By: Sharanya Ranga and Riya Dutta
Crowdfunding platforms- A preferred source of funding for start-ups
Crowdfunding platforms have gathered momentum with the growth of the start-up ecosystem in India. These platforms have not only been helping start-ups in their fund raising activities but their platforms (electronic or otherwise) are also used in trading in their securities. Helping start-ups in raising the initial working capital from investors to run their business, these platforms have emerged as one of the most preferred source of funding.
Warning notice to the crowdfunding platforms
The Security Exchange Board of India (SEBI), in its press release dated 30th August 2016, stated that certain electronic platforms facilitating fund raising on digital platforms (like websites and other internet platforms), similar to the platforms of stock exchanges, are neither authorized nor recognized under any law governing the securities market. The notice says that the electronic platforms run by these crowdfunding networks are violating the norms of private placements as the offer for investment is open to all the investors registered with their platforms, thereby contravening the provisions of Securities Contract (Regulation) Act, 1956 and the Companies Act, 2013 (“Applicable Laws”).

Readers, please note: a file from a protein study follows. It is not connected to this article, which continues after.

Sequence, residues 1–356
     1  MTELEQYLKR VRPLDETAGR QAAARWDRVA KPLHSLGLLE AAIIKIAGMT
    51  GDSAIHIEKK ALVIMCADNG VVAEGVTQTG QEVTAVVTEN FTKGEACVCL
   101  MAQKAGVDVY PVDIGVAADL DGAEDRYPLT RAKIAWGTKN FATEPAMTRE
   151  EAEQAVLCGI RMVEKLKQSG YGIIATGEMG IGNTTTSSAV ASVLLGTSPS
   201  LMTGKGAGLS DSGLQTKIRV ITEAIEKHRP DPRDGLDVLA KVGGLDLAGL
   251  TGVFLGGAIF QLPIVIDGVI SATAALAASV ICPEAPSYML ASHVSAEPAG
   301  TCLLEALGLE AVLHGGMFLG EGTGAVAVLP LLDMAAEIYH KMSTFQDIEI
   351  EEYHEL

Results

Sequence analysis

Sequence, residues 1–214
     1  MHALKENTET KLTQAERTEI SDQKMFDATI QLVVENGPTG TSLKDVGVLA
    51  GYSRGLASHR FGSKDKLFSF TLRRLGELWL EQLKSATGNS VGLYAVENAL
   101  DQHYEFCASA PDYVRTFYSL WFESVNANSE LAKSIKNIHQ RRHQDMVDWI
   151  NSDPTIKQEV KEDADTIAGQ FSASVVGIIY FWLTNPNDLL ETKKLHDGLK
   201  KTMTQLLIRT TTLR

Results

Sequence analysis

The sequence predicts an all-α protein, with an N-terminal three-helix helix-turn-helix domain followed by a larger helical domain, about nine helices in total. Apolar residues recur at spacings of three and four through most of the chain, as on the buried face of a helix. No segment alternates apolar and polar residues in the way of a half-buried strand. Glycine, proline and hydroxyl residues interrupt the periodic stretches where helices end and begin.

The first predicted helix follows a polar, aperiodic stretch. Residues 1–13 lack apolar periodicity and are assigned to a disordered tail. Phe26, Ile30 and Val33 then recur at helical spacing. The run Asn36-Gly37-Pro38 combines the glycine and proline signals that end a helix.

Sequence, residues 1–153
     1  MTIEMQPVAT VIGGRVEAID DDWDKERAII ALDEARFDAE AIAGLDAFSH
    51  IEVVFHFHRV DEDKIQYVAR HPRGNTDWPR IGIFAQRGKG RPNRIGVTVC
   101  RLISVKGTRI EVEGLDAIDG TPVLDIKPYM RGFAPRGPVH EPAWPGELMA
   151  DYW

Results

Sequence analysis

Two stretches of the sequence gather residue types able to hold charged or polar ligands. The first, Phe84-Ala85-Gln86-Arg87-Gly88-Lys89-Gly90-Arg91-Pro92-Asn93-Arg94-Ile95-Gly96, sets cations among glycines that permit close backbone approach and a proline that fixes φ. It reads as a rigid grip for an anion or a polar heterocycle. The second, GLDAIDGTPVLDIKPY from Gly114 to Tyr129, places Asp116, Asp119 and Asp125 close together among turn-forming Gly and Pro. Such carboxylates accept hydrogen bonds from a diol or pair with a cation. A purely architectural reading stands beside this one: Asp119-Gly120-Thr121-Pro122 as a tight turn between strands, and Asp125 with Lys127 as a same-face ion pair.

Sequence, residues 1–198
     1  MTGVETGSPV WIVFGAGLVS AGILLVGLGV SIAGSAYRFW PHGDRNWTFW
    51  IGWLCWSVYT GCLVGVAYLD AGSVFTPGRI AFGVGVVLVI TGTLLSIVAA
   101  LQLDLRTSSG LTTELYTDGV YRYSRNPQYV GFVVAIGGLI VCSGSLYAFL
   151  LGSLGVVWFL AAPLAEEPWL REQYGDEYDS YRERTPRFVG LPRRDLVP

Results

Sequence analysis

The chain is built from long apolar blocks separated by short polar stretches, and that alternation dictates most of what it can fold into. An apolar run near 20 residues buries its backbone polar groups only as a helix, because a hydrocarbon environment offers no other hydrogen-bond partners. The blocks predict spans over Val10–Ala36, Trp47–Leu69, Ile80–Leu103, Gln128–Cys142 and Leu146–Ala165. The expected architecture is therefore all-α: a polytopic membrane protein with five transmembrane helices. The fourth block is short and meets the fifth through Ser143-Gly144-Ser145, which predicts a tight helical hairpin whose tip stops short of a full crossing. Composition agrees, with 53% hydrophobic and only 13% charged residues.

Present regulatory framework
Under the current legal framework in India, only recognized stock exchanges are permitted to run electronic platforms to list and trade in securities. However, several crowdfunding platforms have questioned whether the capital market regulator has any role to play if the funds are raised in the private domain. On strict interpretation of Applicable Laws, private placement norms may appear to have been violated by these crowdfunding networks as the fund-raising mandates received from startups are shared by these networks with all the investors (exceeding the permissible limit of 50 investors for a particular investment round and 200 investors in a particular year).
While there has been considerable government impetus to promote the start-up culture in India, a warning notice such as this can only be a dampener. We need clear legal and regulatory framework for the functioning of the equity crowdfunding market in India, which should not only aim to protect and promote the interests of the investors but also serve as an impetus to these crowdfunding/investment networks.